* U.S. imposes toughest Russia sanctions yet over Ukraine
* Sanctions prevent new loans by U.S. lenders to targeted firms
* Sanctions include Rosneft, Novatek, Gazprombank and VEB
* The 4 have $32.3 bln syndicated loans maturing in next 5 yrs
By Sandrine Bradley
LONDON, July 17 (Reuters) - New U.S. sanctions imposed on Russia for its actions in Ukraine will make it more difficult for Russian companies to refinance existing international loans and has dashed hopes that Russia’s syndicated loan market is reopening, bankers said on Thursday.
Washington announced its toughest sanctions yet on Wednesday, which directly target several Russian companies and financial institutions with close ties to Russian President Vladimir Putin.
The companies include Russia’s largest oil producer, Rosneft , its second-largest gas producer, Novatek, its third largest bank, Gazprombank, and state-owned bank Vnesheconombank (VEB).
Thomson Reuters LPC data shows the four companies have a combined $32.3 billion of syndicated loans outstanding in the next five years, which could be difficult to refinance.
The move could also close the market for other Russian loans that are currently in the market and make it impossible to raise any new loans.
Gazprombank is the most immediate casualty of the fresh sanctions. The bank is seeking a $1 billion, one-year loan to refinance one of $1.2 billion that is due to mature in September.
Bank of America Merrill Lynch, Citi, Goldman Sachs and JP Morgan are among the consortium of international banks that lent it the maturing $1.2 billion.
Gazprombank said in a statement on Thursday that equity and long-term debt with maturities of 90 days or more from U.S. entities were affected.
This means that U.S. banks will be unable to lend to the $1 billon one-year loan that Gazprombank is currently seeking.
“At best there will be a very long pause on Gazprombank, but I expect in reality it will be off the agenda,” a senior loan banker said.
It could simply repay the loan, as VEB did at the end of April with a $2.5 billion loan it had originally planned to refinance.
Slavneft, which is part-owned by Rosneft, has mandated Raiffeisen Bank International to arrange a new $500 million loan.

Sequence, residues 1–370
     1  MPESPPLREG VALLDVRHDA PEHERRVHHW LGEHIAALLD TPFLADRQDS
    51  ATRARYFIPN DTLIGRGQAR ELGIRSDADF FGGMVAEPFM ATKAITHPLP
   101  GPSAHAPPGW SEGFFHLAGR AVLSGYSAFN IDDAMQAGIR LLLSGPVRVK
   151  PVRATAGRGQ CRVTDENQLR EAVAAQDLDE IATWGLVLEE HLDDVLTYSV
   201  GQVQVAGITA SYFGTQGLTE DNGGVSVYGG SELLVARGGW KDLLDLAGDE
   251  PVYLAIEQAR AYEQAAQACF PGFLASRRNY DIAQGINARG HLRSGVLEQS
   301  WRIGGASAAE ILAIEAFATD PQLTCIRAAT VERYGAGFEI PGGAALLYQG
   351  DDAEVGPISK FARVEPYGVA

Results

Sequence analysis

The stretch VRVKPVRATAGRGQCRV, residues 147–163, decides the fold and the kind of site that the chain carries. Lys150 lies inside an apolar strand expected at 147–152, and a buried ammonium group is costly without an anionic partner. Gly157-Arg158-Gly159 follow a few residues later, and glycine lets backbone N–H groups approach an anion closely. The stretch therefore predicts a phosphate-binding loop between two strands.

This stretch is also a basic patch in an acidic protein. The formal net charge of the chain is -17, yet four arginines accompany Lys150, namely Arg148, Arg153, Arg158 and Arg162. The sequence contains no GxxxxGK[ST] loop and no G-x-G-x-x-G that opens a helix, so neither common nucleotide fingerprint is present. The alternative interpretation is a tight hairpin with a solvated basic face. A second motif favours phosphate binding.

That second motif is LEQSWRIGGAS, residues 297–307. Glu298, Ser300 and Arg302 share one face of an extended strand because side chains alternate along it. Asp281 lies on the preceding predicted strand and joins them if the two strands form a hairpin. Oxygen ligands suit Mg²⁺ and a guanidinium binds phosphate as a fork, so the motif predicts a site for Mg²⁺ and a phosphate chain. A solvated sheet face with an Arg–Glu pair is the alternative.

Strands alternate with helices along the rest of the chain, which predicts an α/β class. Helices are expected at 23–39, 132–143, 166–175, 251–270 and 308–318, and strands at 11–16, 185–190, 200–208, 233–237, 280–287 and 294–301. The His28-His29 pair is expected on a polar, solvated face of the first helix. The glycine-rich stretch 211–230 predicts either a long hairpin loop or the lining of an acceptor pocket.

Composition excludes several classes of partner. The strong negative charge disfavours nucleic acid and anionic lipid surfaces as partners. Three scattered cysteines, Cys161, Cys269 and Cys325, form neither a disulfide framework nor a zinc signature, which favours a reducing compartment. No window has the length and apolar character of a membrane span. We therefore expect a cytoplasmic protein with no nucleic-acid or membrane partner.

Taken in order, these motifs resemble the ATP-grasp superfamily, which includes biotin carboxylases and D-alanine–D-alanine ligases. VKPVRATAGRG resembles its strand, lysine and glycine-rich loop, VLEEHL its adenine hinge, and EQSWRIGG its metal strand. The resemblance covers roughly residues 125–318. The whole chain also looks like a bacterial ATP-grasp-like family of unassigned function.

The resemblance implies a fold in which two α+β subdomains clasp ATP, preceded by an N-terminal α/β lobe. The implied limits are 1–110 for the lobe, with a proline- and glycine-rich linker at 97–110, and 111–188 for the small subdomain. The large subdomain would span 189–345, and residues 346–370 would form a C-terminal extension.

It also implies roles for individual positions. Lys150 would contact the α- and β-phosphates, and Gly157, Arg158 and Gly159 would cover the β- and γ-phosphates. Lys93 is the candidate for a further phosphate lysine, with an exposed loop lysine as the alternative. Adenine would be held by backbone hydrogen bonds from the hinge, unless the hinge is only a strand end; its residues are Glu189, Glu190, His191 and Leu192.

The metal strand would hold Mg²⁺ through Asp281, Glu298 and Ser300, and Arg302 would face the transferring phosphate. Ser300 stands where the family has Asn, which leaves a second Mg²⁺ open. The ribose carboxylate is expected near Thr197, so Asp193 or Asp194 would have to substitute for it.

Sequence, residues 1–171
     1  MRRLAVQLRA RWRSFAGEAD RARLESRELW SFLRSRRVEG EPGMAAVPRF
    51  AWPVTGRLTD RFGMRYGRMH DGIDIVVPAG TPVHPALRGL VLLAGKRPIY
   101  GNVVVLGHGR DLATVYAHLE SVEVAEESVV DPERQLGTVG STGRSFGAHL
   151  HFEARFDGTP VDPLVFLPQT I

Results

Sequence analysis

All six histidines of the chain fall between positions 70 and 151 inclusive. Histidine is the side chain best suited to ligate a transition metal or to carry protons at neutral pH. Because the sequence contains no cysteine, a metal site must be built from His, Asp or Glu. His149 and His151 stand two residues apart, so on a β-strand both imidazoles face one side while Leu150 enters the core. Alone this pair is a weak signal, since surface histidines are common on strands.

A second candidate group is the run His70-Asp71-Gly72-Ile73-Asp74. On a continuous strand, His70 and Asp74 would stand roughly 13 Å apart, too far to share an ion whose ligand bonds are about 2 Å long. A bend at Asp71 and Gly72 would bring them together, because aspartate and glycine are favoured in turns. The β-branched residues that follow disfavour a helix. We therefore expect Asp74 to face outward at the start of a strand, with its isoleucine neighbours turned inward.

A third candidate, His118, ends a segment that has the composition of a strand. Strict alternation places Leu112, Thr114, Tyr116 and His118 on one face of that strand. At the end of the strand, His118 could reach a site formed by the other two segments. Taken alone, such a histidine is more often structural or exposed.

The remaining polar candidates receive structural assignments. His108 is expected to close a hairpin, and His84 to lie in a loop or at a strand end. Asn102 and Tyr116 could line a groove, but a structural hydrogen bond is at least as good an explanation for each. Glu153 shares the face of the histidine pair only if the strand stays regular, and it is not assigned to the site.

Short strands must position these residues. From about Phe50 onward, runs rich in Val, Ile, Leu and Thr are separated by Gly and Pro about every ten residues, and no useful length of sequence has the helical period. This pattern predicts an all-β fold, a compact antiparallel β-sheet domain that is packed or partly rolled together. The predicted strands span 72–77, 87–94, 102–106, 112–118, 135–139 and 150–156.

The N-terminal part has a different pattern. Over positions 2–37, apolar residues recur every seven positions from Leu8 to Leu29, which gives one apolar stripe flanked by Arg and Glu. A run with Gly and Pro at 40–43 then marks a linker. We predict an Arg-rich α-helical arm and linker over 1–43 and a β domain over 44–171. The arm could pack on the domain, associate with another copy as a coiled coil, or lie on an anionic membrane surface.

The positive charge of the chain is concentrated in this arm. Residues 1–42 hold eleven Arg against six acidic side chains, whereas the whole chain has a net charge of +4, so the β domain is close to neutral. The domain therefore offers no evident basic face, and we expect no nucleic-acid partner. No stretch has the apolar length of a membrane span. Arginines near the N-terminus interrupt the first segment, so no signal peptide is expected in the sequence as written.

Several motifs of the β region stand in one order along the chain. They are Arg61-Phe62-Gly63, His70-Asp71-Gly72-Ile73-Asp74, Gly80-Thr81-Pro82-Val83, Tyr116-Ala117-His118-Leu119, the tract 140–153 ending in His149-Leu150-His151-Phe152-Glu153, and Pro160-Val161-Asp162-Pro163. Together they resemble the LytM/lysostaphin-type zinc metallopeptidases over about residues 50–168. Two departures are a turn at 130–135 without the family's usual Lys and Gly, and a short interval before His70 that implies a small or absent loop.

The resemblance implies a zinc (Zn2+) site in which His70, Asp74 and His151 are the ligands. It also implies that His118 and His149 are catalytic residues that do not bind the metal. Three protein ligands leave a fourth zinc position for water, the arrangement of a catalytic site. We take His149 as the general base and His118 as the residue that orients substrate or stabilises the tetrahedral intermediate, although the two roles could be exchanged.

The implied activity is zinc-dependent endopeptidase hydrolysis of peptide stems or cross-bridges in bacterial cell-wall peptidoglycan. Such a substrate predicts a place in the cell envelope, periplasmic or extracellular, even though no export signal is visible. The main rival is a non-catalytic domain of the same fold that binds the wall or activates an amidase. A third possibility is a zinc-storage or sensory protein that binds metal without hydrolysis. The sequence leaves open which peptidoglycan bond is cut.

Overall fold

Rosneft is also in the market with a $2 billion oil prepayment deal that it is raising with Swiss energy trading company Vitol.
Banks were also due to sign a $1.5-2 billion loan for listed state-backed bank VTB before the new sanctions were announced on Wednesday.
That deal was set to re-open the Russian loan market, as it was the first Russian loan to include U.S. banks since Russia annexed the Crimea.
The deal is now expected to be put on hold as U.S. banks reassess their ability to lend.
“I suspect there will be delays on VTB; people need to digest the implications of what has happened,” the senior loan banker said.
Slavneft and VTB were not immediately available to comment. Rosneft, Vitol and Raiffeisen declined to comment.
The new sanctions have come as a surprise to bankers who were working to reopen the Russian syndicated loan market, which has been effectively closed since March and is now likely to remain so.
“People thought the sanctions issue was disappearing in the rear view mirror, but it isn‘t,” a second banker said.
“This winds the clock back to two months ago and reminds everyone that this is still a dynamic and expanding issue. I think banks could come back from this with an even more conservative approach to Russia,” he added.
Although U.S. banks will be constrained by the new sanctions, some European banks with significant relationships with Russian borrowers are more bullish on continuing to lend.
“The sanctions will not have teeth for European banks ... We are legally unaffected,” a third banker said.
Other European banks are less optimistic that the effect of sanctions will be limited to U.S. banks, which have billions of dollars of Russian loan exposure.
“It is very premature to assume it can be business as usual. Different institutions have different risk appetite ... but the final impact of these new sanctions will take time to work through,” the second banker said.
European banks’ risk appetite in such matters has been dented by the experience of France’s BNP Paribas, which this month had to pay nearly $9 billion for breaking U.S. embargoes against Sudan, Cuba and Iran. U.S. authorities are also talking to Germany’s Commerzbank and Deutsche Bank over their dealings with blacklisted countries.
The new sanctions have also put a question mark over a $1.94 billion Rosneft-BP prepayment facility that backs the long-term delivery of crude oil products between Rosneft and BP.
Banks, including Lloyds and HSBC, both of which have been punished by the United States in the past for sanctions violations, pulled out of the deal before it was signed on June 27.
Lenders including Deutsche Bank, Societe General and Bank of China funded the facility only a couple of days ago. Some banks have now asked lawyers to look at the loan agreement, which contains enhanced sanctions provisions that are designed to protect banks.
“Lawyers are looking at it (the Rosneft-BP loan) at the moment,” the fourth banker said.
BP was not immediately available to comment. (Editing by Tessa Walsh and Will Waterman)